Slag glass, also known as marble glass or malachite, is a type of opaque, streaked pressed glass. Production of slag glass originated in late-19th-century England, where glass manufacturers are thought to have added slag from iron-smelting works to molten glass to create a range of effects—from tortoiseshell to marbling. Among other uses, slag glass was a popular material for lampshades.
One of the first glass foundries to produce slag glass (although it was not called that at the time) was the Gateshead, England, firm of Sowerby, which patented its recipe for purple malachite glass in 1878. Sold into the U.S. market as "blackberries and cream," this popular formula was followed by other malachite colors, including a lemon-yellow called Giallo, a drab green called Pomona, a blue malachite called Sorbini, and Sowerby’s famous Brown, which is very difficult to find today.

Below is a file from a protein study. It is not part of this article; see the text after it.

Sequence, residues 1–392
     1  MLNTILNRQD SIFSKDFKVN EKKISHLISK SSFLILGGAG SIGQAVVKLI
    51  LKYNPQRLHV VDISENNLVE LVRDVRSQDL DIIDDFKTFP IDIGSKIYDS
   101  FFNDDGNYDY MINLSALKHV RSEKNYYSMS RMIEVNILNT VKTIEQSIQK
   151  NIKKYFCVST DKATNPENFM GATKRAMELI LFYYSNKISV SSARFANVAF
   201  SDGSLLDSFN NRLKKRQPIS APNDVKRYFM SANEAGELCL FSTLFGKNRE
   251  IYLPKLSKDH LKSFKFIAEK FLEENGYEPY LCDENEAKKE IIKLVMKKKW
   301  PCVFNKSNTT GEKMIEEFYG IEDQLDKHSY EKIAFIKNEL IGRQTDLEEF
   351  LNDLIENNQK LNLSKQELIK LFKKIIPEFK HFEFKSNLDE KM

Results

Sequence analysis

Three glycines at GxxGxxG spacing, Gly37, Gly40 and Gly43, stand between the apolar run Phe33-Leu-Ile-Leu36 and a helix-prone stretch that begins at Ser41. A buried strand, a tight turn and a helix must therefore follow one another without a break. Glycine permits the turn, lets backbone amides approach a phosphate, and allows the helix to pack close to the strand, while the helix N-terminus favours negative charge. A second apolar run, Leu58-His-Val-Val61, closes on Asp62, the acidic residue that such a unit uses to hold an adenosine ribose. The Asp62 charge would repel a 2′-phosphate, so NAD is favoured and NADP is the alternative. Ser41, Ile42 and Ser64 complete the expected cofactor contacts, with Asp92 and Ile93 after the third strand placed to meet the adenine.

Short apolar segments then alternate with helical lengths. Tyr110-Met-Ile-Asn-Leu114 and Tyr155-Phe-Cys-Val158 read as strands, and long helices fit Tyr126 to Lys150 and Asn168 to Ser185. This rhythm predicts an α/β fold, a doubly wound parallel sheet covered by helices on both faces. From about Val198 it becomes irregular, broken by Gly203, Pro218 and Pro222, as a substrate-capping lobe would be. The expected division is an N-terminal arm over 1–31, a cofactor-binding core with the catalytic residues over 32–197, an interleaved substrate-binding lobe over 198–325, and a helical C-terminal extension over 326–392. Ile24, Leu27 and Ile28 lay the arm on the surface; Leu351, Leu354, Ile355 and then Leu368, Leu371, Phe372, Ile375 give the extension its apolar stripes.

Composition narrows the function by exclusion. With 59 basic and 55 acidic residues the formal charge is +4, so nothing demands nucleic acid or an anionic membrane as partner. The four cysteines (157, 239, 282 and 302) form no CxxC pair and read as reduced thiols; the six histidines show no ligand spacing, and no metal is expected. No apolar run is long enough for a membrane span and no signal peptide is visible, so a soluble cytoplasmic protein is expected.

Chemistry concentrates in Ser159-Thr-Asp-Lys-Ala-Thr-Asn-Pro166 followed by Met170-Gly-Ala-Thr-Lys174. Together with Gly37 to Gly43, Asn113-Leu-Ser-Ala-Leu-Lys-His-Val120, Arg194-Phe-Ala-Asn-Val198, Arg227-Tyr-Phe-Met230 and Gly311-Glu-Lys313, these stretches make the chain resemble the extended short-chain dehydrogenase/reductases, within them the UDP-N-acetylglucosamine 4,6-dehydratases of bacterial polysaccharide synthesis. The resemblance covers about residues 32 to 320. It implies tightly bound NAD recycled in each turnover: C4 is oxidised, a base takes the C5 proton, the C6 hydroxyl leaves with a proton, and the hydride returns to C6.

Since the process of making slag glass was shrouded in a certain amount of mystery, stories sprang up to try and account for the process behind the effects. For example, it was a good bet that Sowerby’s Blue Nugget color of 1883 was the result of adding cadmium to molten glass, but how to explain Gold Nugget? Stories soon spread that John George Sowerby, son of the company’s founder, was tossing gold sovereigns into batches of amber glass to create this dramatic hue.
In the United States, manufacturers such as Westmoreland and Akro Agate picked up on the techniques developed in England and produced their own versions of slag glass. As in England, one of the most popular applications for their pressed opaque glass was in lampshades. Wide bands of creamy colors allowed the light source in a lamp to fill a room with a soft ivory glow, while the purples and greens and reds pieced together in detailed leaded shades resulted in multi-colored illumination.
Just about anyone who was making lamps during the Art Nouveau period, from Tiffany to Roycroft to Steuben, might have used slag glass in their shades. But whether they did or not in a particular lamp is another matter. The problem is that today, "slag glass" is used rather casually by dealers and collectors alike to refer to almost any type of pressed opaque glass containing colored swirls or streaks. The key to determining if a piece of glass is "true" slag or just a handsome example of pressed glass is to look for glass that is obviously and richly marbled rather than simply colored or streaked.
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